This is an important question because if your space(s) is not part of your monthly payment, you have to factor parking costs into your budget. It becomes a line item just like internet service, cable and utilities.

If your building doesn’t have parking but has a formal arrangement with a parking garage nearby, ask about the cost. Perhaps your parking will be comped or discounted. Similarly, if parking is included in the rent, and you decide to forego having a car, do you receive a discount?

Be sure to inquire about cost differences for covered spots (also known as garage parking) vs. uncovered spaces (also known as surface parking).

7. Where do my guests park?

guest parking

If parking in and around your building is challenging and there are no spaces reserved for guests, it may put a damper on social activities. Not all rentals have the luxury of extra space for visitors, so you need to decide just how important that is or come up with creative alternatives, such as carpooling.

If your building can accommodate guest parking, do you need to reserve in advance? And how easy will it be for your visitors to come and go?

8. Is the parking lot well lit at night?

If the parking lot is indoors, is the garage only accessible via fob access or in a controlled manner. While there’s never a guarantee of safety, and much of it is based on the specific neighborhood, consider visiting the parking lot yourself to make your own determination.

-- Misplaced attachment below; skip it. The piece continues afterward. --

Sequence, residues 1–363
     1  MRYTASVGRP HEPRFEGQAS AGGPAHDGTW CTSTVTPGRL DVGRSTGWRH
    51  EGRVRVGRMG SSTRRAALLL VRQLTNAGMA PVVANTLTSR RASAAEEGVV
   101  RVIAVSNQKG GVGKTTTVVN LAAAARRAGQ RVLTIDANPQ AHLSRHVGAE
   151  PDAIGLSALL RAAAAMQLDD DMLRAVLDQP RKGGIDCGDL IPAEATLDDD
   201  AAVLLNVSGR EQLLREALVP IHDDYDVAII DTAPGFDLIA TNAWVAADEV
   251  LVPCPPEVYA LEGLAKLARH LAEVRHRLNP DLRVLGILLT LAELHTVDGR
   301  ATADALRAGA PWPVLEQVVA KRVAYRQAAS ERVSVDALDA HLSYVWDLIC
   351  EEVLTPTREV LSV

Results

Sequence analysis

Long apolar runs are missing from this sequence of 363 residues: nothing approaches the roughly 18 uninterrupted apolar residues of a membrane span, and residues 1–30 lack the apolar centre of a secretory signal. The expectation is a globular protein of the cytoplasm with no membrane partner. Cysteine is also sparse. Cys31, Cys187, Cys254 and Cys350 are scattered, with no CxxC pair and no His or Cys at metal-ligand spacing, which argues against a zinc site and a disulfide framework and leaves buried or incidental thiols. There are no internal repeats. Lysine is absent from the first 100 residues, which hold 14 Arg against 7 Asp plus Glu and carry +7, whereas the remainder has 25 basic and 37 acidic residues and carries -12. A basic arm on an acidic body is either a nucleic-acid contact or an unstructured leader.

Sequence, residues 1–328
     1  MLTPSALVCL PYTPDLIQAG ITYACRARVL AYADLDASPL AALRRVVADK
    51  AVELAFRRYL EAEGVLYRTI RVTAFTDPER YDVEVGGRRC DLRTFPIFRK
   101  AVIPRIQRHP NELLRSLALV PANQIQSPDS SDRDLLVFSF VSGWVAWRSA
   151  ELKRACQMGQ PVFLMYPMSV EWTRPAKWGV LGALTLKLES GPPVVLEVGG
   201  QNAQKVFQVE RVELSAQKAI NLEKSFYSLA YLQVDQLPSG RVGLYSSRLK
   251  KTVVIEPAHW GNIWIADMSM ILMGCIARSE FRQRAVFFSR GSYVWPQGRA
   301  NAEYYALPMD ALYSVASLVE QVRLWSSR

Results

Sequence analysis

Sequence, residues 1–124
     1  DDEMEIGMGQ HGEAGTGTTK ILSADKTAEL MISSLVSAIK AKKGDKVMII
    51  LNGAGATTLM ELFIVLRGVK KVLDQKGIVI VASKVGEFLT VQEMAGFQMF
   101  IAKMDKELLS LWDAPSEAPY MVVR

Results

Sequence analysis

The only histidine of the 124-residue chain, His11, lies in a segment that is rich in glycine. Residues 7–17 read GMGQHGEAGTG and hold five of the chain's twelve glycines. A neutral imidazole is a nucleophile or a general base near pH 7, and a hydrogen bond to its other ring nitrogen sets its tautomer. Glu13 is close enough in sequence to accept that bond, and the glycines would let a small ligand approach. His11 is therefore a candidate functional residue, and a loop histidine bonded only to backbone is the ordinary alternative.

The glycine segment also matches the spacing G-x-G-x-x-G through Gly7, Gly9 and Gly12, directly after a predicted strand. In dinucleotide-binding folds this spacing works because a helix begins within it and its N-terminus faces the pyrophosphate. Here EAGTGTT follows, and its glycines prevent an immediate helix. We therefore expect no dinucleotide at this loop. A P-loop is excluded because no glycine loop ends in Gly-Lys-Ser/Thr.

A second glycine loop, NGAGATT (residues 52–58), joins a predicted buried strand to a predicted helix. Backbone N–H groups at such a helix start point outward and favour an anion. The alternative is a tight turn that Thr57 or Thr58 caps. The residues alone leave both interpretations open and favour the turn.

9. How is designated parking enforced and disputes resolved?

It happens. Sometimes it’s a neighbor who decides to flout the rules and do as he or she wants. Most times, however, it’s a misunderstanding. In either case, situations do arise, and you need to know there is a system in place.

Remember, you also have to be a good neighbor and respect apartment parking etiquette.

10. Can you sublet your parking space?

tenant parking only sign

This question is more important than you might think as it could offer a source for a little extra income each month. If your lease includes a parking space, and you don’t have a car, but your neighbor has two vehicles and only one designated spot, you may be able to make a deal. But check your lease first to determine that you have the legal right to sublet.

Avoid parking problems

Go ahead and look for that perfect apartment with the view, amenities and conveniences you desire. But don’t overlook the parking accommodations or you could be driving into a headache that never goes away.